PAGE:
Making Modernization Work… For Everyone

Surveillance and Data — Blogs and Stories

Updated July 15, 2020

View Of Doctors Stacking Hands

In Maryland, we’ve changed the way we capture information about deaths. We’ve made our death reporting systems more electronic, connected, and responsive. We’ve rewritten our policies and regulations. Because we’ve made big changes, we’re now better at handling evolving threats like the drug overdose epidemic and COVID-19.

But big change doesn’t happen overnight. And it doesn’t come just from getting a new system or making a new law, although both of those things can be useful. If you want change to be meaningful and lasting, you also have to give people on the ground what they need to make it work.

Technology is just the first step

Getting an Electronic Death Registration System (EDRS) was a critical step toward modernizing our death reporting. Until about five years ago, all of our systems were paper-based. Physicians, medical examiners, funeral directors, and the state vital records office would pass death certificates physically from one place to the next.

Our partners at the California Department of Public Health came to the rescue. They offered to share their EDRS with us, and we customized it to work in our state.

However, when we rolled out the new system in January 2015, we discovered it wasn’t an instant fix for everyone. For people used to the old system, new technology felt more like an obstacle than an improvement.

Helping technology work for people

For example, our physicians – who were used to filling out a form and handing it off – suddenly had to navigate sets of pull-down menus, tabs, options. They had to keep track of accounts with passwords that changed periodically. If they worked in different medical facilities (and many do), they would have to remember their sign-on for each one. It was a lot more complicated.

On top of that, people were adopting the new EDRS at different rates. Funeral homes were required to use the electronic system, but they were still getting paper records from medical facilities. Funeral directors had to spend valuable time typing all the information in.

Listening to people’s concerns led us to modify the system to make it easier for them to use. For physicians, we created a single sign-on process so they could use their own login to enter the system from any facility. The system is also web-based so they can access it from their phones.

To help lighten the workload for our funeral directors, we added training coordinators to help more medical facilities start using the system. Ultimately, we changed our regulations in 2019 to require all medical facilities by law to start the death certificate electronically.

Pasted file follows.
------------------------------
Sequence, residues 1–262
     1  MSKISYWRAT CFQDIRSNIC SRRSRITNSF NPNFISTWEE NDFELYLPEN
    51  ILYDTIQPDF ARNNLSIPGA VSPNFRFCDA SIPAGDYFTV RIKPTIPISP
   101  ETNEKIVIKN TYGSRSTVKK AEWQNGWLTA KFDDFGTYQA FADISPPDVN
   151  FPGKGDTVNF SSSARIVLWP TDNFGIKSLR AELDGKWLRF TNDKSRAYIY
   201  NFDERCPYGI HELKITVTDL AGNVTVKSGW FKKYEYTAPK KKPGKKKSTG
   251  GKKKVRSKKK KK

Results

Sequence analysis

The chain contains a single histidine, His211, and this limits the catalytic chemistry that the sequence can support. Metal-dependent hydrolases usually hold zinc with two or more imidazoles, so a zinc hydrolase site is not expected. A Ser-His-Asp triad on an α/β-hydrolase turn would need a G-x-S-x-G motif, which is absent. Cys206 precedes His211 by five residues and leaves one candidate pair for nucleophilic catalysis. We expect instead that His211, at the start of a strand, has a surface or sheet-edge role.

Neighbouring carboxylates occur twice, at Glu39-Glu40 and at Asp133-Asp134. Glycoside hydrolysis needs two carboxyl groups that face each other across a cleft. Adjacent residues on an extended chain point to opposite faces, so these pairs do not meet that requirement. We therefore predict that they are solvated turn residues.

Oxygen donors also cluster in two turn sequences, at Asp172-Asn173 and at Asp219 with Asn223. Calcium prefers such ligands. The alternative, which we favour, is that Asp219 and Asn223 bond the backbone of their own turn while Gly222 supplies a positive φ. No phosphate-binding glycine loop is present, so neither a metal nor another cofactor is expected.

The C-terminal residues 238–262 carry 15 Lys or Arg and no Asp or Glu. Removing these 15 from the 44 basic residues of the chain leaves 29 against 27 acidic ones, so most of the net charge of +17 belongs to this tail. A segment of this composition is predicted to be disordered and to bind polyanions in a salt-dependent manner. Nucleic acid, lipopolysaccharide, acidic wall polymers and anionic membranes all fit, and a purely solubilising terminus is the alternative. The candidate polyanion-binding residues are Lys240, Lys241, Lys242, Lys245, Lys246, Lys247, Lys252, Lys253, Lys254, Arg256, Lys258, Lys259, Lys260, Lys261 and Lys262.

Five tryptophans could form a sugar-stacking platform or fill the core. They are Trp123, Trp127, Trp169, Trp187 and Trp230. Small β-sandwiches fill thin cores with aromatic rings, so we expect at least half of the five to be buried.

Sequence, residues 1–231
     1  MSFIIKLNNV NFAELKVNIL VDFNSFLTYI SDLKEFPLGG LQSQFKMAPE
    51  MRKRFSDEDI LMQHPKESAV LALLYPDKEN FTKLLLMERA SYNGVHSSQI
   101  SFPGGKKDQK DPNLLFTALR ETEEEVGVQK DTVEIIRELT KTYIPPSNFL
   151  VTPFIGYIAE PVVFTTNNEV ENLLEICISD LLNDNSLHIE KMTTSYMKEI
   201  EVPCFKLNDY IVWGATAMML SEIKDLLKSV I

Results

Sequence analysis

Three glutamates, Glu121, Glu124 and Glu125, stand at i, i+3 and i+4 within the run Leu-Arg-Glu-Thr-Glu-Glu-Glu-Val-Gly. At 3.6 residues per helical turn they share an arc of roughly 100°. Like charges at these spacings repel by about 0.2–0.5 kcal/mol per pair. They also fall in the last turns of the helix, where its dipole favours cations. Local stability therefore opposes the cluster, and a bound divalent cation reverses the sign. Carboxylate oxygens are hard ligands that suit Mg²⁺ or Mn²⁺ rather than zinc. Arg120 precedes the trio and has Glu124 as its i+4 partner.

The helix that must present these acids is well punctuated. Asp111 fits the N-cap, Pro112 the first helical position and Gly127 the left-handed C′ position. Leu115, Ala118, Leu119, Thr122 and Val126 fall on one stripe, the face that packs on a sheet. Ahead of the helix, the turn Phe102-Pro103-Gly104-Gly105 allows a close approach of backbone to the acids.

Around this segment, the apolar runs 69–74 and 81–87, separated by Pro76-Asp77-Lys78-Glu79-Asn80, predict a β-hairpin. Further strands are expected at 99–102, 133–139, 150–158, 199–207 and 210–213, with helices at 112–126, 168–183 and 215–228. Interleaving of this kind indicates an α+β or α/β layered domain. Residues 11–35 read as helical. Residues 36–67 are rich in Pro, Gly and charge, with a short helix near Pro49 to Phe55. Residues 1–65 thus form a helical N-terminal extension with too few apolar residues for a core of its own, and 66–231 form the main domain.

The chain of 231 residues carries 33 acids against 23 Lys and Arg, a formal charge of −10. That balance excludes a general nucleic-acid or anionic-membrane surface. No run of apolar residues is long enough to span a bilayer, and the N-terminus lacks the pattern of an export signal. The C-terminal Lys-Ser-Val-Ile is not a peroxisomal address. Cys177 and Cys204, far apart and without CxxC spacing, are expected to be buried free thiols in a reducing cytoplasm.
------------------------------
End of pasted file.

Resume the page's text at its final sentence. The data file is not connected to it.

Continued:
Not just speed, but quality

Today, almost everything we do is electronic. We’ve recently added long-term care facilities, hospices, and large physician medical groups to the EDRS. When the COVID-19 pandemic reached Maryland, we adapted the system to handle surge facilities.

Beyond making our death certificate registration faster, working electronically is also allowing us to improve the quality of the data. For example, we’ve been preventing more errors by using the VIEWS II system, which automatically checks every cause-of-death entry for spelling mistakes and inaccuracies. We’ve been able to do more geocoding to help with tracking deaths at the community level. We’ve also created a new database that allows us to do better statistical analyses using the cause-of-death information we get back from the National Center for Health Statistics (NCHS).

A vision for a connected future

Even with all these accomplishments, our work is far from done. We won’t have reached our goal until we’re not only electronic, but also fully interoperable with the many other systems we touch. For example, we want to be able to integrate our system with those that handle electronic health records.

Interoperability means finding a “common language” for our technologies so that we can pass information more seamlessly from one place to another. We’re looking toward standards like HL7®’s Fast Healthcare Interoperability Resources (FHIR®) to make that happen. NCHS is connecting a broad community of states and IT experts to innovate around these new challenges.

As we reimagine our systems, we’re going to continue putting people first. Our close relationships with NCHS and our partners in California have strengthened our outside community of support. Inside our state, connecting with the people who use the technology every day will remain the key to making this next phase of change a reality.

Special thanks to the Maryland Department of Health and Lee Hurt, DrPH, MS, Director, Vital Statistics Administration, for contributing to this story.